Soviet Union (former) Potatoes and Vegetables
Sources: The Library of Congress Country Studies; CIA World Factbook
A staple of the Russian diet for centuries and an important animal feed source, potatoes are grown on private plots throughout the country. They are cultivated on a large scale in the Ukrainian, Belorussian, Estonian, Latvian, and Lithuanian republics and in the central European part of the Russian Republic. The area devoted to growing potatoes decreased steadily between 1960 (7.7 million hectares) and 1986 (6.4 millon hectares), although potatoes still accounted for nearly three-quarters of the total area devoted to vegetable crops. Potato harvests also declined substantially--from an average of 94.8 million tons annually between 1966 and 1970 to fewer than 78.4 million tons per year in the 1980-85 period.
Traditionally, the most widely grown vegetables in addition to potatoes have included beets, carrots, cabbages, cucumbers, tomatoes, and onions. These crops have been grown on an ever larger scale since the 1960s, and in 1986 they occupied nearly 1.7 million hectares. Yields increased proportionately, reaching a record 29.7 million tons in 1986. Thanks to the proliferation of large clusters of hothouses, it was possible to supply fresh cucumbers and tomatoes, among other produce, to the residents of major urban centers throughout the year. With private plots yielding roughly 40 percent of the vegetable harvest, much of the population, particularly the kolkhoz residents, grew a portion of their own produce.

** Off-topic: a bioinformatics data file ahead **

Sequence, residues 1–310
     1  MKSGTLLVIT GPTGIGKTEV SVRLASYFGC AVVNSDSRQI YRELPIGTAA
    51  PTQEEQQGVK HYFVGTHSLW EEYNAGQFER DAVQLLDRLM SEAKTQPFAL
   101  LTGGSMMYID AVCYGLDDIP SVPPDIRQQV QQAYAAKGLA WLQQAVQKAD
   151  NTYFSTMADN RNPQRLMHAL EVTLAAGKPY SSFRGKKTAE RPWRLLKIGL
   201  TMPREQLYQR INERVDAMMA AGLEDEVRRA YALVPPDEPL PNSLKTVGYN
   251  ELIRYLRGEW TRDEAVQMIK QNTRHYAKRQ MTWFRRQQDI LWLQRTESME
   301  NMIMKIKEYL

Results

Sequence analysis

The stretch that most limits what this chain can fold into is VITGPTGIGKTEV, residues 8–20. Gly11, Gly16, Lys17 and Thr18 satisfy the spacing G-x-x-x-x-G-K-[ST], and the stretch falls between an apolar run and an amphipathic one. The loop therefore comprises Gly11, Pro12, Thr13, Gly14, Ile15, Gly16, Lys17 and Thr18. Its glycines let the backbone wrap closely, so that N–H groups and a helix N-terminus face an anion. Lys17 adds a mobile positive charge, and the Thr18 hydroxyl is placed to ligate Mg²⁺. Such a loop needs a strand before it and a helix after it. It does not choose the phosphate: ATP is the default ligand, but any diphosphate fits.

Data as of May 1989
NOTE: The information regarding Soviet Union (former) on this page is re-published from The Library of Congress Country Studies and the CIA World Factbook. No claims are made regarding the accuracy of Soviet Union (former) Potatoes and Vegetables information contained here. All suggestions for corrections of any errors about Soviet Union (former) Potatoes and Vegetables should be addressed to the Library of Congress and the CIA.